As Beijing's notorious air pollution continues to take a toll on people's health, it's also making it much harder for foreign firms to attract staff there these days. Some companies are now offering more money, more vacation and shorter stints to lure people to China's capital. What was once a plum assignment for expatriates is increasingly seen as a hardship post.
Ask Micah Truman. He came to Beijing in 1994 and thought he'd never leave. Truman had built businesses and a family in a city that has art galleries, great restaurants, centuries of rich history even the Great Wall.
This week, though, after two decades, Truman and his Chinese wife will move their family to Seattle.
Over a recent sushi lunch downtown, Truman explained his change of heart.
"The environment obviously has degraded, the business is cutthroat, traffic is at an absolute standstill," says Truman of his adopted hometown. "Everything has just gotten emotionally, financially, environmentally so extreme, and at a certain point, you have to say, 'no more.' "
Truman says most of his longtime expatriate friends plan to leave within the next two years.
"I think most of them are in a similar boat to me," says Truman, a partner in AsiaWise, which helps connect American development projects with Chinese citizens seeking EB-5 investor visas to emigrate to the U.S.
"I'm in my early 40s, I have kids, they are 10 and 11, and I think many of us are saying, we want a life for our kids in a physically healthy environment."
There are no comprehensive numbers on the flow of expatriates in and out of Beijing, but anecdotally, there appears to be a slow exodus. Three Beijing relocation companies told NPR more expats are leaving than coming and said air quality was a driving factor.
"I think we're seeing an emerging trend," says Angie Eagan, managing director of MRI China Group, a recruiting and human resource consulting company. Eagan works with hundreds of firms in Asia. She says 20 to 30 percent of those she has talked to recognize that any of China's heavily polluted cities now qualify as hardship posts. She recently spoke with a Japanese technology company.
"They are having a horrible time getting people to go into Beijing," Eagan says. "Oftentimes, people are requesting that their families don't move to Beijing and that the company provides airplane tickets to fly back and forth to be with their families."
In addition, some firms will offer hardship allowance, fixed-term contracts, even on occasion two residences, Eagan says.
Lee Quane, regional director of ECA international, which provides data and consulting on salary packages, estimates that hundreds of expat executives have left China in the past several years because of the air. Others refuse to come here, he says, no matter what perks companies dangle, and choose more breathable countries in the region.
"I think a lot of people are saying, 'We don't really need this,' " says Quane, who works in Hong Kong, which also suffers from pollution but has markedly better air quality than Beijing or Shanghai. "If there is an opportunity for me in Singapore, I can enjoy exactly the same career path, but with a much better quality of living, I am easily going to vote with my feet."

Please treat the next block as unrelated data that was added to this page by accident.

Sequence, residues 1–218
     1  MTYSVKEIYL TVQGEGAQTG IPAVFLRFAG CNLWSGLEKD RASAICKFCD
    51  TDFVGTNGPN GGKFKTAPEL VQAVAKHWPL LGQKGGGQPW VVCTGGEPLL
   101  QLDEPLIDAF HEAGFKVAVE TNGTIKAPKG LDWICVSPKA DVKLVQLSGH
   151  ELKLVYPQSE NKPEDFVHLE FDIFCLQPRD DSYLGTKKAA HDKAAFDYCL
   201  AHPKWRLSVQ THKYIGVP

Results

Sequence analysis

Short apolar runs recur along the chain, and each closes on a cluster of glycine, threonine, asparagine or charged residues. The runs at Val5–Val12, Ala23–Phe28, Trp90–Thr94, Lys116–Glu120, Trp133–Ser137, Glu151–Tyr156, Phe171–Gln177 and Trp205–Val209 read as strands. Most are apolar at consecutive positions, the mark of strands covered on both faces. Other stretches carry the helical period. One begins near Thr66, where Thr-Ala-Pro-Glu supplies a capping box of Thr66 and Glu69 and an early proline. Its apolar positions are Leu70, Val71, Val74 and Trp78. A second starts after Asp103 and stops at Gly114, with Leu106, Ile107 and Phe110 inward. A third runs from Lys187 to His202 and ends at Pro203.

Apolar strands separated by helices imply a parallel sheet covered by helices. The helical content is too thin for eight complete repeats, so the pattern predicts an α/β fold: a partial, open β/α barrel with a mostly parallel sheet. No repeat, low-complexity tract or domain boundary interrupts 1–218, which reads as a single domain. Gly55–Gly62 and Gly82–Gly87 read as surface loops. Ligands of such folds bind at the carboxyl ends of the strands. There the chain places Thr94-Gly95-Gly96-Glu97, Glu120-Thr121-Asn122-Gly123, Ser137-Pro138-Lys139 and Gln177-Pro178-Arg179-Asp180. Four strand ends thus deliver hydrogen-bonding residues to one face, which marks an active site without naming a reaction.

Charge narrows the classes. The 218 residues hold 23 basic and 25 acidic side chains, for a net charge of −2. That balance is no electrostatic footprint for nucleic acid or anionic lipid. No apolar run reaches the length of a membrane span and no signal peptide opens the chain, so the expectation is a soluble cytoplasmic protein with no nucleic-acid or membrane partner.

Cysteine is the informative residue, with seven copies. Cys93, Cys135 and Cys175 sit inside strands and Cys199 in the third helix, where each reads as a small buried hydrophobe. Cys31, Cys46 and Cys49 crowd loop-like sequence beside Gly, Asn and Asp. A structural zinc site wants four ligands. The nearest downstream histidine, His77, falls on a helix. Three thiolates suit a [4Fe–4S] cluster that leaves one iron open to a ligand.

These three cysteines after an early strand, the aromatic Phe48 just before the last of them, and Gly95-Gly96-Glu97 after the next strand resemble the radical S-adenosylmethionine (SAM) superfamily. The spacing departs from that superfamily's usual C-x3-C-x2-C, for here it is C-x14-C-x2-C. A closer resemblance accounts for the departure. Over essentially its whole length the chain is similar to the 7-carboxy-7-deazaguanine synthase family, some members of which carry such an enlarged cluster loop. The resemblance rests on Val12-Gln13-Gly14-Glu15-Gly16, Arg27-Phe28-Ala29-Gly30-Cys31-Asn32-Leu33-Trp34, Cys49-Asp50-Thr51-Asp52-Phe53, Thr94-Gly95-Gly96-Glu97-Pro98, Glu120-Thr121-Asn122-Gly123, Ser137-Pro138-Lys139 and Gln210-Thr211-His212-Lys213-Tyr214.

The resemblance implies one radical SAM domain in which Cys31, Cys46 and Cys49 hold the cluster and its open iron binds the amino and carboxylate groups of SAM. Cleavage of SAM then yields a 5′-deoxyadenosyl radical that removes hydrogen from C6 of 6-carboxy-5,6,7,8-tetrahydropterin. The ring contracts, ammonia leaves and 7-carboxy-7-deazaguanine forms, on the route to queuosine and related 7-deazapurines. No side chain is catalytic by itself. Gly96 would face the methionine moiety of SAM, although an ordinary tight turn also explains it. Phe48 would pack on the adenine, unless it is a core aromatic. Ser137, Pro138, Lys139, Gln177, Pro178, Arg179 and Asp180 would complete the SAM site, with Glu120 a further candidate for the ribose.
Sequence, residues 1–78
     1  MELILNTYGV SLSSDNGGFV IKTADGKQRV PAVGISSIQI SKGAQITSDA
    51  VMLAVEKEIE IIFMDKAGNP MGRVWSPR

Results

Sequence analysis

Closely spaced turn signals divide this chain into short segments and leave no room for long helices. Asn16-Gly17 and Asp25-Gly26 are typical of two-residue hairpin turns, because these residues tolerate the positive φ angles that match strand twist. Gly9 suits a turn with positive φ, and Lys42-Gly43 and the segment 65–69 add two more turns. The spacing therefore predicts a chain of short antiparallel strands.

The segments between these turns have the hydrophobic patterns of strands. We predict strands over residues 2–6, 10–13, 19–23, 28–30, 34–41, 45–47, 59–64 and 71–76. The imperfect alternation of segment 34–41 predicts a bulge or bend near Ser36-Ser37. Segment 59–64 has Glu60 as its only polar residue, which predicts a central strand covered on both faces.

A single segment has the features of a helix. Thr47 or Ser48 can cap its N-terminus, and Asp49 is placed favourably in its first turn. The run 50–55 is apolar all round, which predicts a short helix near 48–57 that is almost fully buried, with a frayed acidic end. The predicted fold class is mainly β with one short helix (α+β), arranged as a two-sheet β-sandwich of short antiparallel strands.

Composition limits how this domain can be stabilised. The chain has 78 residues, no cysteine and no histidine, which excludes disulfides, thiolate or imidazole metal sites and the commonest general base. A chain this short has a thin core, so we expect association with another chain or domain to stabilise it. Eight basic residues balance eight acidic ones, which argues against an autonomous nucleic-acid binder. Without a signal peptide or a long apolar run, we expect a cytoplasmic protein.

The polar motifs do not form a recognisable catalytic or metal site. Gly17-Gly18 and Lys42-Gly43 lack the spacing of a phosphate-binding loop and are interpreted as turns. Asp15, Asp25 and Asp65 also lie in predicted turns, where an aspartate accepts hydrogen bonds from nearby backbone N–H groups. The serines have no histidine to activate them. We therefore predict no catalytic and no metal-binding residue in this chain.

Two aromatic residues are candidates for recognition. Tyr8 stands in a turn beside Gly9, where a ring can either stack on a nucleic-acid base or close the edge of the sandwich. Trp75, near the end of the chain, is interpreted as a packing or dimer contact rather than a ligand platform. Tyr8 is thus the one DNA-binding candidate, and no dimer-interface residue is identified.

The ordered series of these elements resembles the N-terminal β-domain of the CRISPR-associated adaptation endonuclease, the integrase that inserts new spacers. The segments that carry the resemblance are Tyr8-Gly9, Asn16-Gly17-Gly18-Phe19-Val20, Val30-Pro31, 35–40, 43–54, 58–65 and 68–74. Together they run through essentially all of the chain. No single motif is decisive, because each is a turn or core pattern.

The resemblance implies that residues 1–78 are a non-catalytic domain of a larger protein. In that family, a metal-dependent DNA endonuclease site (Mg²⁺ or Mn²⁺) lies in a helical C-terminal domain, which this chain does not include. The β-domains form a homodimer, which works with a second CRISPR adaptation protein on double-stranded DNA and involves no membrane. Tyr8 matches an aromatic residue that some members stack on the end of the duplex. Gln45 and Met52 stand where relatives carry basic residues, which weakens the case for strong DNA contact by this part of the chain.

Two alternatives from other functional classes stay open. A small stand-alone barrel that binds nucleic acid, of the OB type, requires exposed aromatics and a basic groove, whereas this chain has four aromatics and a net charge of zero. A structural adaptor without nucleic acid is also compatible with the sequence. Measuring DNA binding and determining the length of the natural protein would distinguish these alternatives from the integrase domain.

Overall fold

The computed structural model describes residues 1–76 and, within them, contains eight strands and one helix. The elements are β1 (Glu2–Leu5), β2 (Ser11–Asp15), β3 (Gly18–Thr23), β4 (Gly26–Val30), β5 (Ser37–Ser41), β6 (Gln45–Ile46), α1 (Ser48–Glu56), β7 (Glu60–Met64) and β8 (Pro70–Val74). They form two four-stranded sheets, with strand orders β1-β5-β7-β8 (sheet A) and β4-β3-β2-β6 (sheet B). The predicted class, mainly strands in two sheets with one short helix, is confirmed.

Beijing's re-emergence as a hardship post is a throwback to the 1980s and 1990s, when companies offered lavish perks not because of pollution, but because Beijing was backward, and navigating daily life was exhausting.
"We had a full-time cook, a full-time maid and we had a full-time driver," says James McGregor, who has lived in Beijing for a quarter-century and serves as chairman of Greater China for APCO Worldwide, a consulting firm. "But you needed all those, because there weren't grocery stores. You needed a cook who could go out to local markets and get stuff. In order to pay bills, your driver drove all over town and had to pay them in cash."
Beijing is infinitely more efficient and luxurious today. But earlier this month, McGregor called it quits and moved to Shanghai, citing the capital's air pollution as a major factor.
Shanghai has cleaner air than Beijing. In the past 12 months, Beijing ranked as China's 33rd most-polluted city, according to a running average of Chinese and U.S. government environmental measurements.
Shanghai tied with two other cities for 113th. Some of Shanghai's better air quality is due to its location along the East China Sea. Stiff winds often whip in and clear out the smog, which has made the business and financial hub even more attractive to expats.
When it comes to air quality in China, though, nothing is certain. Last December, Shanghai suffered several days of suffocating pollution that horrified the city's 24 million residents. Foreigners who could afford to stay home did so, and blasted their air filters.
"In Shanghai, perhaps we have been sort of lulled into a sense of confidence that this wouldn't bother us in the future," says Kenneth Jarrett, president of the American Chamber of Commerce in Shanghai. "But that's no longer the case. So, it was really, very much a wake-up call."
Many expats see Shanghai as a relative refuge from China's choking smog, and they're hoping the city's air doesn't get any worse.